47. 47. NetConsole queries <ul><li>This formula and the corresponding Criteria drops off any person that has no Personal or OT (in various forms) hours. </li></ul><ul><ul><li>There are a lot of duplicate or unnecessary row of data without this formula. </li></ul></ul>
  48. 48. NetConsole queries <ul><li>The query is then linked into my pivot table for summary data. </li></ul><ul><ul><li>This is compared to ADP once the data is imported for a balance. </li></ul></ul>
  49. 49. Pivot Tables
  50. 50. Pivot Tables <ul><li>Pivot Tables are one of the more useful inventions to come out of Microsoft. </li></ul><ul><ul><li>It goes back to Lotus 1 2 3 </li></ul></ul><ul><ul><li>But has never really caught on. </li></ul></ul><ul><li>I use it as </li></ul><ul><ul><li>A data Hub (grabbing data from a variety of sources) </li></ul></ul><ul><ul><li>A massive filter, to easily find and view data. </li></ul></ul><ul><ul><li>Summary of Data </li></ul></ul><ul><ul><li>Calculations </li></ul></ul><ul><ul><ul><li>Audits </li></ul></ul></ul><ul><ul><ul><li>Totals </li></ul></ul></ul><ul><ul><ul><li>Problem indicators </li></ul></ul></ul>
  51. 51. Linking Pivot Tables to Access Queries
  52. 52. Connecting Pivot Tables Select; Data Pivot Table
  53. 53. Connecting Pivot Tables Select External data source
  54. 54. Connecting Pivot Tables Select Get Data
  55. 55. Connecting Pivot Tables Select MS Access
  56. 56. Connecting Pivot Tables Navigate to the database folder and select it.
  57. 57. Connecting Pivot Tables Navigate to the query and select all or a selection of headers you need.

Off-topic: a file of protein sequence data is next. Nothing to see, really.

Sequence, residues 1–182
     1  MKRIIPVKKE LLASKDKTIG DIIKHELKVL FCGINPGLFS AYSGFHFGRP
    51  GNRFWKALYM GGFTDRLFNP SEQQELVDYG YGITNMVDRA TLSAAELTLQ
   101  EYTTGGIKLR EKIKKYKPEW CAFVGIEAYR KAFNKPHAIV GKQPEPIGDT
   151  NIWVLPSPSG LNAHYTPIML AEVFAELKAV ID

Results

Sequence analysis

58. 58. Connecting Pivot Tables Click Next
  59. 59. Connecting Pivot Tables Select Next
  60. 60. Connecting Pivot Tables Select Finish
  61. 61. Connecting Pivot Tables Select Next
  62. 62. Connecting Pivot Tables Select Layout
  63. 63. Connecting Pivot Tables Drag and Drop headers into appropriate spots
  64. 64. Connecting Pivot Tables <ul><li>The data is ready for analysis </li></ul>
  65. 65. Grouping Pivot Tables <ul><li>To Group </li></ul><ul><li>CTRL click on each entry </li></ul><ul><li>Right click (for menu display) </li></ul><ul><li>Select Group and Show Detail </li></ul><ul><li>Select Group </li></ul><ul><li>If I have an Access source I usually create a new header in the query and skip doing it on the pivot. </li></ul>
  66. 66. Grouping Pivot Tables <ul><li>Overwrite generated group name to anything you want </li></ul>
  67. 67. Formulas in Pivot Tables <ul><li>For Formulas </li></ul><ul><li>Select pull down list </li></ul><ul><li>Formulas </li></ul><ul><li>Calculated Field </li></ul>
  68. 68. Formulas in Pivot Tables <ul><li>Name you header under Name </li></ul><ul><li>Under formula select your header fields and apply calculations. </li></ul>
  69. 69. 401(k) Pivot Tables
  70. 70. 401(k) Pivot Tables <ul><li>Link the pivot table to the 401(k) query. </li></ul><ul><li>Select the query and all of the headers </li></ul>